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Alasdair Macleod

Alasdair Macleod

Alasdair Macleod runs FinanceAndEconomics.org, a website dedicated to sound money and demystifying finance and economics. Alasdair has a background as a stockbroker, banker and economist.…

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Why the West Sells Gold and China Buys It

A number of readers and bloggers have recently suggested there must be collusion between America and China over the transfer of physical gold from Western capital markets. They assume that governments know what they are doing, so there is a bigger game afoot of which we are unaware.

The truth is that China and Western capital markets view gold very differently. You will hardly find anyone in the London Bullion Market who regards gold as money; and for them if gold is no longer money Chinese demand for it is not a monetary issue. Instead it threatens the bullion banks' business that a useful financial asset, capable of earning many times its physical value in fees, commissions, turns and interest, is being leeched out of the market by Chinese aunties.

It is clear that nearly all Western central bankers share this view, believing that gold will never play a monetary role again. We also know that Marxist-educated government advisers in China have been sheltered from the Keynesians' antipathy against gold and instead have been brought up on Marx's belief that Western capitalism will eventually destroy itself. It therefore follows they believe that western paper currencies will probably be destroyed as well.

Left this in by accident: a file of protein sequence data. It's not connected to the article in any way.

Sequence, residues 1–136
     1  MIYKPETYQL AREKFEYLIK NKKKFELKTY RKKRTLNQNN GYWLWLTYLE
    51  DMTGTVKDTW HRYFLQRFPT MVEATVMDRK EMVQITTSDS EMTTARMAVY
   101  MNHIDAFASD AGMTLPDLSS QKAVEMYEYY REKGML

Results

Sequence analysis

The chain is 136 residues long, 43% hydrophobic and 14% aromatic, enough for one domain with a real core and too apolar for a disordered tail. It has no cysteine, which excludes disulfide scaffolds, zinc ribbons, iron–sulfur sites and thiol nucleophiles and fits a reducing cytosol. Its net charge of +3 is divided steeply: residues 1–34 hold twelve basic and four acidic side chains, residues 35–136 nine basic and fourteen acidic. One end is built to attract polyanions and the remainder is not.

Otherwise we can only speculate, but the following conclusions about why the Chinese are accumulating gold seem to make most sense:

  • There is a fundamental view in China that gold is ultimately money, so it is always worth accumulating by selling potentially worthless foreign currency.

  • Encouraging her citizens to accumulate gold achieves two objectives: if they have real wealth to protect it makes them potentially less rebellious in difficult times; and secondly private buying of gold reduces the trade surplus, which in turn reduces the accumulation of foreign currency reserves.

  • Gold is generally accepted as superior money throughout Asia, which is China's long-term regional interest.

  • The Chinese Government (and/or the Communist Party) is buying gold for itself. Assumptions it will use gold to beef up the renminbi makes little practical sense, beyond perhaps some window-dressing for currency credibility. Instead she appears to be accumulating gold for unstated strategic reasons.

  • Keeping the West short of gold gives China huge leverage in today's cold currency war, and even more if the currency war heats up.

The idea that America is colluding with China in the gold market must therefore be nonsense. The truth has everything to do with different philosophies about gold.

Advanced western economies have survived without using gold as money for a considerable time. Currency and credit inflation have created a modern finance industry wholly dependent on fiat paper and everyone in mainstream finance is conditioned to believe in the profitable world of fiat currencies. They are therefore predisposed to dismiss gold as never being money again.

That is why the West is less worried about losing physical gold than it should be, and China is glad of the opportunity to buy it. And she can be expected to continue to do so whatever the price, because she knows that in the final analysis gold is the only true money.


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